Are Syndicated Conservation Easements Worth the Risk?
Syndicated conservation Easements are under fire by the IRS and the U.S. Senate Finance Committee (SFC) for being used as unfair tax shelters by the super-wealthy.
A report by the SFC puts this tax avoidance strategy under the spotlight, revealing multiple non-optimal situations that could have severe consequences for investors, including retroactive tax bills.
What is a Syndicated Conservation Easement?
A conservation easement is “a voluntary, legal agreement that permanently limits uses of the land in order to protect its conservation values.” Further, a conservation easement is a “legally binding agreement between a landowner and a land trust or government agency where the landowner retains many private property rights.”
Unlike a simple easement which grants no ownership rights, conservation easements do grant some ownership rights, although the land owned cannot be developed. A syndicated conservation easement is one that is “packed” and sold by broker-dealers and financial advisors.
What are the tax benefits and implications of a Syndicated Conservation Easement?
A tax loophole exists for syndicated conservation easements that has been promoted heavily to wealthy people, resulting in many of them buying undeveloped land that can then be claimed as a conservation easement. The IRS and Congress are working vigorously to close this loophole.
Currently, owning land that was set aside as a conservation easement allows someone to write off the entire value that a piece of land loses by remaining undeveloped.
It has been the almost-perfect tax shelter for the extremely wealthy, until now. A crackdown by the IRS is causing some firms to stop promoting conservation easements altogether.
Anyone who has their money tied up in conservation easements should be wary. In 2016, the IRS publicly raised a red flag on them, and at least one broker-dealer pulled back from offering these types of tax shelters to their clients.
But the red flag seems to not have deterred investors, with syndicated land deals costing the IRS $9.8 billion in lost revenue for the year 2018, reports The Washington Post. That’s up from $6.8 billion in 2017.
That’s why lawmakers are now trying to get in legislation that completely does away with these write-offs, reducing the total tax-claimable value of the land to just 2.5 times what the landowner paid for the land initially.
The IRS and the SFC are now aggressively going after these deals, particularly those that were purchased with grossly exaggerated appraisals.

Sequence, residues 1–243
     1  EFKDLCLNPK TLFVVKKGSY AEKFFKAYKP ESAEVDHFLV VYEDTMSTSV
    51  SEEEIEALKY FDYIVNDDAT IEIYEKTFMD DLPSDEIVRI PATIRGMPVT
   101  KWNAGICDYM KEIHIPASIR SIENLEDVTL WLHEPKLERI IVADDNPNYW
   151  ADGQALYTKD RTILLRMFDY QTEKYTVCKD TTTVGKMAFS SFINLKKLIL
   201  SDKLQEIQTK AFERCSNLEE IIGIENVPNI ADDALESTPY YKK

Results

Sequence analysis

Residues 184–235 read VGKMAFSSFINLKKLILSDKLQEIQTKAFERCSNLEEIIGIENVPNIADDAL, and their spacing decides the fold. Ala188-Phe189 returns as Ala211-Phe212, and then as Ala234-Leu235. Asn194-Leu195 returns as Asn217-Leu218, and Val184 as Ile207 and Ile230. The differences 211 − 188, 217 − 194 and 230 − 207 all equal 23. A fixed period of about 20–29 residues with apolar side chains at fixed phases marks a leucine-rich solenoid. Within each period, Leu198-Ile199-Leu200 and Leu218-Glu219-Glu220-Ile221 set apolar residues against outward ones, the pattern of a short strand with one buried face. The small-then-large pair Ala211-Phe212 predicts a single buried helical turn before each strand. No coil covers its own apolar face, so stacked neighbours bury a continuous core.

Another point of interest is land purchased in areas that would never be developed anyway.
Promoters of these land deals, particularly in the Southeast of the country, have often been able to get as much as $2 return for every $1 invested into the deal.
For unknown reasons, Georgia is the hotspot for such deals.
The proposed Bill intends not only to reduce tax write-offs for future conservation easements but also to enforce them retroactively all the way back to 2016. If investors have any money in these tax shelters, they should ensure that they have the necessary tax fees set aside for past write-offs.
One of the key findings of the Senate Finance Committee was the over-valuation of land to ensure the largest possible tax breaks.
Unfortunately, conservation easements have gotten a bad name and it is unlikely that anyone will get out of it unscathed. Right now, being in a conservation easement is incredibly risky due to the heat the IRS and the Senate are putting on them.
If the Bill goes through and returns are capped at 2.5 times what the investor paid for the land, other regulations will likely also go through, clamping down further on the ability for the super-wealthy to get such enormous tax breaks in the future.
In March of 2021, the crackdown on conservation easements took a dramatic turn when two brothers “pleaded guilty to federal tax-fraud conspiracy charges” related to a syndicated conservation easement, reported Bloomberg.
In that particular conservation easement, investors received a $4 charitable donations tax break for every $1 they invested. The problem? The deductions were overvalued, shaving off $250 million from the IRS’s bill. The IRS filed suit, and it was game over.
And that’s not the only lawsuit currently ongoing against Syndicated Conservation Easements, although many are now being brought against the SCEs by investors themselves.
According to IRS Notice 2017-10, SCE’s are noted as being “Listed Transactions”—transactions that fall under the IRS’s official list of tax avoidance schemes. Getting involved in any SCE at the moment means opening yourself up to scrutiny by the IRS, and possibly a full tax audit.
Contact us if you were Misled
If you have been misled by any SCE, or if you feel that SCE promoters have not been transparent with you about your investment, you might want to consider taking action against these promoters. Please call our attorneys at 800-767-8040 for a free and confidential consultation.